What is marzipan? Plus, how to make it from scratch

"If you're going to make your own marzipan . . . you're going to find the flavor is much nicer"

Published December 14, 2020 3:05PM (EST)

 (James Ransom / Food52)
(James Ransom / Food52)

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Marzipan, the almond-based confection with roots in the Middle East, Latin America, and all over Europe, deserves a better reputation. The average home baker in the United States probably doesn't consider it to be their favorite flavor, let alone worthy of a permanent spot in their pantry.

But Chef Stephen L. Durfee, professor of baking and pastry at the Culinary Institute of America, is happy to make the case for both points—and restore the good name of marzipan overall.

But first, what is marzipan?

Marzipan consists of finely ground almonds mixed with a sweetener—like sugar syrup or honey. The confection that results can be rolled out, like a dough, tinted, and cut out into shapes.

Back to Durfee: "Typically, what you'd buy in a grocery store is not of very high quality," he says, explaining that store-bought, mass-produced marzipan is usually made with lower quality almonds, which impart a bitter and sometimes off-putting flavor.

Homemade marzipan, on the other hand, is not going to have that problem.

"If you're going to make your own marzipan, no one's going to come across bitter almonds," Durfee says, adding that even widely available almond brands like Blue Diamond will be a major step up in quality. "You're going to find the flavor is much nicer." Made in smaller batches at home, marzipan can be made to suit your tastes (and texture preferences, for that matter) to a T.

This means the finished product will be just as delicious on its own as it is when it's, for instance, mixed into a cake batter. In exchange for a little extra effort, you just might find that there's room in your heart (and your cabinets) for marzipan. Here's how you can make it at home.

* * *

How to make marzipan

1. Prep the almonds.

Measure six ounces of whole almonds into a medium pot and fill it with water until the almonds are just covered. Bring to a boil, letting the nuts cook for about a minute before straining them over the sink and running under cold water. Spread the almonds out on a towel and blot with a second towel. Once the almonds are dry, give them a rough chop in the food processor, then transfer them to a lightly greased, heat-safe mixing bowl. (Blanching the almonds isn't absolutely necessary, but Durfee says it will help rehydrate the almonds, which can be helpful if they've been sitting on the shelf for a while.)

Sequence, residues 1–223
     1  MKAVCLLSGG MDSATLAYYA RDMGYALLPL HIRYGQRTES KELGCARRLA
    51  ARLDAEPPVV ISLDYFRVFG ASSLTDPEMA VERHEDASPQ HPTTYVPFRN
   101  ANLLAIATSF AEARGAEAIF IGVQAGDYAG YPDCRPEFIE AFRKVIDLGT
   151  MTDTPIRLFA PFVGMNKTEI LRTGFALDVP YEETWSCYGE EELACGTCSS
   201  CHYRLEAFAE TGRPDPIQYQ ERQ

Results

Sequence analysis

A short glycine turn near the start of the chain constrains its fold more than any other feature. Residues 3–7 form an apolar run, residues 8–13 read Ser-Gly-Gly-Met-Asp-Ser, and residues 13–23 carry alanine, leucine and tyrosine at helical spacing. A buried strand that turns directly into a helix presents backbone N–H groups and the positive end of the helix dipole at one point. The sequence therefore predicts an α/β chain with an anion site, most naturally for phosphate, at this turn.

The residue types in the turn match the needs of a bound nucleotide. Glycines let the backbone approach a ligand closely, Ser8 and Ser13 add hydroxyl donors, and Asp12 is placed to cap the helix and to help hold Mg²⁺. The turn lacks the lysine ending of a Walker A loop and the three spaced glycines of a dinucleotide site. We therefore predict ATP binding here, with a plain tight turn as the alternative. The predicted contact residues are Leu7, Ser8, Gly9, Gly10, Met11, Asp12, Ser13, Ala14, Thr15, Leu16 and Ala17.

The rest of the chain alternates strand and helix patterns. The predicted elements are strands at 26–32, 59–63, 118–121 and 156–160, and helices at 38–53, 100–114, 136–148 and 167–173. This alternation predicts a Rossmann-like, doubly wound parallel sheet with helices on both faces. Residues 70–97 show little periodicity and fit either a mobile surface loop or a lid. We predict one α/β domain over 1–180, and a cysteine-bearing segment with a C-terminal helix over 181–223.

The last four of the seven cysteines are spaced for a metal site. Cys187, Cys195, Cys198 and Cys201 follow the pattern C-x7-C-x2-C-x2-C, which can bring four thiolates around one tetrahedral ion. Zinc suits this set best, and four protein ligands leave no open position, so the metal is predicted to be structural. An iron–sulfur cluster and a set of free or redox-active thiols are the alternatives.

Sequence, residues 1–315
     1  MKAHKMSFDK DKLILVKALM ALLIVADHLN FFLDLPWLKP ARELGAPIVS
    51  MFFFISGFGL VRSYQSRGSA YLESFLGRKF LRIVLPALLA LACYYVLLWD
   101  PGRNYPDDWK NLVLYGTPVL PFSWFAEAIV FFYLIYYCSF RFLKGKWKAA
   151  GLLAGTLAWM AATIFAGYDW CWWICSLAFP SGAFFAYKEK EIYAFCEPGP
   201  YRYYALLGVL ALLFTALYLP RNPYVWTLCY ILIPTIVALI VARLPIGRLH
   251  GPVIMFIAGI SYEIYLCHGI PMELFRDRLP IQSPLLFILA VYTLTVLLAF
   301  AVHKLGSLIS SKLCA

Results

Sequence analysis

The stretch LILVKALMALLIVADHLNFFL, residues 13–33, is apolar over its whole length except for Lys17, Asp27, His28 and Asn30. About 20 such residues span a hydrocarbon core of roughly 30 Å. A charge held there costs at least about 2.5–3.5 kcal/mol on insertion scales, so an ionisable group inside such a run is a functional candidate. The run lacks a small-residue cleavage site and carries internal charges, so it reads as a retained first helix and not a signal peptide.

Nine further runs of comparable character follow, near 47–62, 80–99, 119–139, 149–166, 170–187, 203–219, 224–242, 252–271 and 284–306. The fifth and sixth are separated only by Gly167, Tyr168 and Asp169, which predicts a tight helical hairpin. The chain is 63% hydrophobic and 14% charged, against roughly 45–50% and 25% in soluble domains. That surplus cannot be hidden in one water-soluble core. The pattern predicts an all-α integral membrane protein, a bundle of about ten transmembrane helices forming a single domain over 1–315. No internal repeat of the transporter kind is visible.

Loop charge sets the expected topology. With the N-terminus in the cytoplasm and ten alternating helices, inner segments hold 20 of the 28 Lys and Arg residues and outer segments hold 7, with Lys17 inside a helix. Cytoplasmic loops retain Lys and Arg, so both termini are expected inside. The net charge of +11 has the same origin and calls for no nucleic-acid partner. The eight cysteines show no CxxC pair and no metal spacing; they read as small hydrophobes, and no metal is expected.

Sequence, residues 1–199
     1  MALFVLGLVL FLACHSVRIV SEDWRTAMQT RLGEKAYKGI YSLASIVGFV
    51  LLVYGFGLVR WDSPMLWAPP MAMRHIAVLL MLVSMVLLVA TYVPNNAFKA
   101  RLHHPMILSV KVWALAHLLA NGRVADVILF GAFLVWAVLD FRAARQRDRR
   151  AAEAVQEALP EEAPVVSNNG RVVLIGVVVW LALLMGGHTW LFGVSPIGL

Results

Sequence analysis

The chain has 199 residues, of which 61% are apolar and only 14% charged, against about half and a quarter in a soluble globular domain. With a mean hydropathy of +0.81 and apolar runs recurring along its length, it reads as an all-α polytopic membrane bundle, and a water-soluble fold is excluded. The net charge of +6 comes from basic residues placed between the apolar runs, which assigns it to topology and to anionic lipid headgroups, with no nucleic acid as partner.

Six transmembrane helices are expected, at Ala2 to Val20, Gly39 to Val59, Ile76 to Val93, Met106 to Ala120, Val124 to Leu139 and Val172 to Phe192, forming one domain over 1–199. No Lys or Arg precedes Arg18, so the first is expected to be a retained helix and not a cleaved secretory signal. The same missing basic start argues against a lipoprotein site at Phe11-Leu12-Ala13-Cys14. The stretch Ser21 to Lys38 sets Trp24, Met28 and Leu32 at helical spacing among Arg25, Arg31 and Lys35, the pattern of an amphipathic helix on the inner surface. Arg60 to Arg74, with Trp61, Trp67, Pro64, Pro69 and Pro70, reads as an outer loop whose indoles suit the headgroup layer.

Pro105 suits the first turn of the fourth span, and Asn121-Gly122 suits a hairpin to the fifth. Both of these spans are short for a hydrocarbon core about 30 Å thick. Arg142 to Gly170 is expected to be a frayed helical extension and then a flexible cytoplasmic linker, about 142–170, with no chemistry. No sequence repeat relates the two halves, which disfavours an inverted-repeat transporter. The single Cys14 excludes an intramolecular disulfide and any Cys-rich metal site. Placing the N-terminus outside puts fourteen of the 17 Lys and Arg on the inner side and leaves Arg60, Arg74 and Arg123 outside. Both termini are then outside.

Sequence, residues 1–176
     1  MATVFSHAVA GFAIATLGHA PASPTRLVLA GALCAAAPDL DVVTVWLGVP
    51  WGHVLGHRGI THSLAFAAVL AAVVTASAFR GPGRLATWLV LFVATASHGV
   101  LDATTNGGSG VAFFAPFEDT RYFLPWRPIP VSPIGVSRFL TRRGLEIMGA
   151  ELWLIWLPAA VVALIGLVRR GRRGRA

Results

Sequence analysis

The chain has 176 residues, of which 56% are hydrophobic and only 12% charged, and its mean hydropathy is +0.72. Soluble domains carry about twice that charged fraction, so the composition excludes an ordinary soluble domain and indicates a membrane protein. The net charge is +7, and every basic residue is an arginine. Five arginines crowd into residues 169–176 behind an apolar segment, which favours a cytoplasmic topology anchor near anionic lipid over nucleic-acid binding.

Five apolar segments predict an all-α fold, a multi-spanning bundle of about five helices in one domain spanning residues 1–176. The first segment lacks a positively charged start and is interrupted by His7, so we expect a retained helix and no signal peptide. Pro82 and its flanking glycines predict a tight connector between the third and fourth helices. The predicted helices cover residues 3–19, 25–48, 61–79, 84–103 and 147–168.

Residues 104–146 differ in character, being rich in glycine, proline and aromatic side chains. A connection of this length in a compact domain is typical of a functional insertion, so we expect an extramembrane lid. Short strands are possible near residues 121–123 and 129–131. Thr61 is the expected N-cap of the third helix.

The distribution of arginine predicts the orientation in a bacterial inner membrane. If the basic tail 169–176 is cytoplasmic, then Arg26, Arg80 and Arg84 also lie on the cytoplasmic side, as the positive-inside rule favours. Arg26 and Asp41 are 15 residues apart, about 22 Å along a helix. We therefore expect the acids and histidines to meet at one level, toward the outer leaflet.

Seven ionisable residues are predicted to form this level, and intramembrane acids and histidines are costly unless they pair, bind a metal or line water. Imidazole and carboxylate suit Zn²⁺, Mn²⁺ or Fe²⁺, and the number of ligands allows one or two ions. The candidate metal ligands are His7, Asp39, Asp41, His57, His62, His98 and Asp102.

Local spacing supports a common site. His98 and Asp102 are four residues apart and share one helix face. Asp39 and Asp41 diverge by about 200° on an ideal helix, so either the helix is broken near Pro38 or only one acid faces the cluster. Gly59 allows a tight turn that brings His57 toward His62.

2. Make sugar syrup.

In another pot, combine six ounces of sugar and two ounces of water. Place a candy thermometer in the pot and bring the sugar water to boil. Cook until the thermometer reads 244°F. (or the "soft ball" stage).

3. Combine the syrup & almonds.

Pour the sugar mixture over the almonds and stir together with a rubber spatula, until the syrup cools slightly. The mixture will be quite sticky, but should release from the greased bowl easily. Transfer the contents of the bowl to the food processor.

4. Process until smooth.

Grind the sugar and almonds in the food processor, scraping down the sides with the spatula as needed, until it takes on a smooth texture akin to cold cookie dough. Durfee says this may take about five minutes. To enhance the texture and flavor, you can add a couple drops of vanilla extract or a spoonful of liquor (Durfee says brandy, rum, or whiskey will work best) toward the end of the processing.

5. Enjoy — as a candy or an ingredient.

You can eat the marzipan as is, right out of the food processor if you're feeling eager, or molded into the shape of miniature fruits if you want to follow tradition. You can also bake it into cookies, barscakes, or sweet breads. If you plan to use it at a later date, Durfee recommends closely wrapping it in plastic or foil and storing in a dry place at room temperature, where it will keep for about a month. For longer storage, you can also keep the marzipan in the fridge, where it will stay good for several months.

By Sara Coughlin

MORE FROM Sara Coughlin

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Almonds Culinary Institute Of America Food52 Marzipan Recipe